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From the Director’s Desk


November 2020


I love the fall. I love the changing colors of the leaves and the crispness
in the air. Thanksgiving typically means college students coming home
and having counselors who live locally stopping by the camp office to
say hello. Like so many other holidays throughout 2020, Thanksgiving
this year will look and feel different. At the same time, pausing to give
thanks, to recognize and express gratitude for the things that are
essential in our lives, can actually help us get through tough times.


The Hebrew term for gratitude, hakarat hatov, means, “recognizing the
good.” When we asked our counselors why they come to camp, their
gratitude for what is “good” at camp comes through. Our counselors
wrote about how camp makes them feel “loved and accepted”. One
shared that camp is “where I can be my true self” and another shared
that camp “is the place where I have made my best friends.” Several
expressed the idea that at camp “I get to have fun with my campers
and watch them grow as individuals.”


Probably the most well-known Jewish gratitude practice is singing
Dayenu at the Passover Seder. The word Dayenu literally means “it
would have been enough.” Our plans for summer 2021 feel like the
Dayenu prayer. We will gather in small cohorts with our camp friends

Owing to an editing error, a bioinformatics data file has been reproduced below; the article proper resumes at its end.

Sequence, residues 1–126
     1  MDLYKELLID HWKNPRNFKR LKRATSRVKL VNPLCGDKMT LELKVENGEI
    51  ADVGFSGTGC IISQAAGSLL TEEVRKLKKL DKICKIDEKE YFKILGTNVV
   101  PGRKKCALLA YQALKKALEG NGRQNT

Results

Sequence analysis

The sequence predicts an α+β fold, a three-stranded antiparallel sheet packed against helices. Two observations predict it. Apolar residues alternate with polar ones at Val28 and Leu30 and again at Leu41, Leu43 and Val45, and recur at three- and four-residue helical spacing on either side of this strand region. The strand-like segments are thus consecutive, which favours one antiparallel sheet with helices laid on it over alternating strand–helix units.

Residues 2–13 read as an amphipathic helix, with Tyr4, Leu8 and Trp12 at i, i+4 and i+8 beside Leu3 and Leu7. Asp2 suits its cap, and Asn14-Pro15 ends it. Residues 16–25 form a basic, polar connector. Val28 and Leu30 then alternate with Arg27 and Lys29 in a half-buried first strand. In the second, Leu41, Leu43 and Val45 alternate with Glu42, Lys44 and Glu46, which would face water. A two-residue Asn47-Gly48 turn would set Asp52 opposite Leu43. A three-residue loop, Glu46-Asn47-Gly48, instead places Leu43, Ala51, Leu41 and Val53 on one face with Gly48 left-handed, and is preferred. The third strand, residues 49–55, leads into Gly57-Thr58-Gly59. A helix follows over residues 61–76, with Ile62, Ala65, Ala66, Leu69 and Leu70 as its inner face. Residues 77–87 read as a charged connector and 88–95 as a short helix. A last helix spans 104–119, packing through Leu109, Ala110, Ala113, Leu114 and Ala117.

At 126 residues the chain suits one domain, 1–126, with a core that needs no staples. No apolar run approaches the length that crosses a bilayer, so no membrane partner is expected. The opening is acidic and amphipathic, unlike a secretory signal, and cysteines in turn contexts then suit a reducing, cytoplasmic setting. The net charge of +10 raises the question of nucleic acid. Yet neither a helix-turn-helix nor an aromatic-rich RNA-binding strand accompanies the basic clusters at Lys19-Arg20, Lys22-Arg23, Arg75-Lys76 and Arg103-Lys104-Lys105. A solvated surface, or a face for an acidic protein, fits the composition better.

and trained, supportive counselors as our role models. We will have a
summer filled with sports and arts activities, swimming at the pool,
boating at the lake, taking care of the animals at the farm, having
s’mores around a camp fire and much more. We will raise the flags
every morning and end the week in celebration with Shabbat. And,
Dayenu, we are grateful because this is more than enough; this is what
we need.


Camp will look and feel a bit different this summer. Safety is and always
will be our top priority. Based on the best practices and guidelines
from the American Camping Association, the Centers for Disease
Control, Capital Camp’s medical committee and other experts, we are
making the necessary changes to our facility and programing so we can
run camp safely. We hope that by summer the virus is less present,
testing has improved, and vaccines are available to the public. Our
plans will be continuously updated based on the course of the
pandemic and the evolution of proven mitigation strategies. We will
continue to share our health and safety plans through our monthly
newsletter, town hall style gatherings and are available by phone to
answer any questions.


If we are able to do all this and more, then “double Dayenu”. If we are
able to do all this, and, in addition, can go on our village camping trips
off camp and if our LITs will be able to go on their trip to Israel, we will
be doubly grateful. We are still able to plan for a variation of our Sing,
Maccabiah and Friday night song and dance session. We will do so in
smaller cohorts if necessary and larger cohorts if possible.


Every Thanksgiving the Handelman family goes around the table and
has everyone say what they are thankful for from the past year. I
already know my answer. I am thankful to have Melissa, Austin and
Allison on the camp team. I am thankful for the opportunity to partner
and plan alongside our camp families. And I am thankful that Capital
Camps will continue to be the place where our campers will find joy this
summer.

-Lisa

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